Kamala Harris Made History. Then Her History Caught Up With Her.

Curtis Compton/Atlanta Journal-Constitution/AP

Kamala Harris is out.
The junior senator from California suspended her bid for the Democratic nomination for president Tuesday afternoon. The announcement capped off a historic campaign that started with a bang and quickly devolved into a sputtering operation torn between two coasts and warring staffers, according to damning reports from Politico and the New York Times. Harris entered the race as one of the favorites but ended it polling in the low single digits—far behind Joe Biden, Bernie Sanders, Elizabeth Warren and Pete Buttigeig, the mayor of South Bend, Indiana.
Harris is used to making history. As a biracial black woman of Jamaican and Indian descent, she ticked off a list of firsts as she climbed the ranks of national politics. She was the first woman, at the age of 38, to lead San Francisco’s district attorney’s office. She was the first black woman and first Asian American woman to serve as California attorney general and US senator from the state. She centered her campaign on the symbolism of pioneering black women politicians who came before her, like Shirley Chisholm, whose historic 1972 run for president inspired everything from Harris’ first stump speeches to her team’s retro yellow, purple, and burnt orange design scheme.
But in the end, it was Harris’ own history that worked against her. As district attorney, she pioneered an innovative program that kept nonviolent first-time offenders out of jail. But she also boasted a tough-on-crime approach, including truancy programs that sent a handful of parents to jail. Harris, still in her first term in the Senate, ultimately could not reconcile the nearly two decades she spent in law enforcement with a rapidly changing political landscape on criminal justice issues that’s driven by the progressive base’s desire for systemic change.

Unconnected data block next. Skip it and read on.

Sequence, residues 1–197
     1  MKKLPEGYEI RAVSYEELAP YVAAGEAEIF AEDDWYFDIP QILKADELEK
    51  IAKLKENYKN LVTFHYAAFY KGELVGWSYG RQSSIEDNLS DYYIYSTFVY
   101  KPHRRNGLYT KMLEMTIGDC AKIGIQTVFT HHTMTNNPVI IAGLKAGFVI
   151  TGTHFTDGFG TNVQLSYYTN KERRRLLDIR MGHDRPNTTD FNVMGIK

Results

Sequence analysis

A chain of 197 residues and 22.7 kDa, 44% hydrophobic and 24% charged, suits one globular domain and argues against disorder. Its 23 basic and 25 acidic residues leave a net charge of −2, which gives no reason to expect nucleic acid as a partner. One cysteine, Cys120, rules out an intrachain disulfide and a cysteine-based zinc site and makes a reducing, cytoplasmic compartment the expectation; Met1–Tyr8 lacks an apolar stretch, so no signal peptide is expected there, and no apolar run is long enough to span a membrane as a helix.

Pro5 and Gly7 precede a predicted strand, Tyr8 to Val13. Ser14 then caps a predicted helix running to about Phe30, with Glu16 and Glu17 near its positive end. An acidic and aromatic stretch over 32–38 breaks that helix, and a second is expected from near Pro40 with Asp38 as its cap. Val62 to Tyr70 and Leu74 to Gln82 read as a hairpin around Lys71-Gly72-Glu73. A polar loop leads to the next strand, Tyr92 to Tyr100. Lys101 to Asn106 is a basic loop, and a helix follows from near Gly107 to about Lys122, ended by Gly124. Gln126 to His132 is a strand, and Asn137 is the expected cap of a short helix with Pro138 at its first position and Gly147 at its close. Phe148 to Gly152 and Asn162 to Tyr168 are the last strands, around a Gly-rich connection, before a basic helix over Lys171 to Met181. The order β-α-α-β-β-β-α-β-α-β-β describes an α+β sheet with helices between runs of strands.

This narrative was baked in early, even before Harris launched her campaign in front of 20,000 people in her hometown of Oakland. Days before her official entry into the race, Lara Bazelon, a law professor at the University of San Francisco and a former public defender, published a scathing opinion piece in the New York Times titled “Kamala Harris Was Not a ‘Progressive Prosecutor,’” pushing back hard against Harris’ claims in her memoir that her prosecutorial approach was in line with modern-day reformers like Larry Krasner in Philadelphia and Kim Foxx in Chicago. “If Kamala Harris wants people who care about dismantling mass incarceration and correcting miscarriages of justice to vote for her, she needs to radically break with her past,” Bazelon wrote.
And then there were the searing stories of the human toll of Harris’ career in California. Jamal Trulove, a San Francisco man convicted of murder by her DA’s office, later had his conviction overturned and won a $13 million settlement. Cheree Peoples was arrested in 2013 during Harris’ crackdown on truancy as attorney general—even though, as the Huffington Post reported, Peoples’ chronically truant daughter was in fact battling sickle cell anemia. Several news outlets later reported that Harris’ campaign battled internally over how to talk about her record as a prosecutor—she did issue a handful of apologies—but never settled on anything beyond telling voters that she had the prosecutorial chops to take on Donald Trump.
In the last months of her campaign, as rivals like Warren and Sanders enlivened the Democratic base with ambitious and unapologetically ideological agendas to remake health care and cancel student debt, Harris seemed to move tepidly. In one interview with the New York Times, she boasted about not being ideologically driven and said that she was instead a pragmatist focused on solutions. 
Harris’ standout campaign moment came during a debate in June, when she challenged Biden’s record on school desegregation by pointing to her own childhood, when she was bused to a nearby majority-white school in Berkeley. 

That moment sowed the seeds for what could have been a true breakout moment—there were t-shirts and memes—but it ultimately failed to do much in the long run. Turns out, words and memes weren’t enough to convince Democratic voters that Harris was the right choice to run against Trump.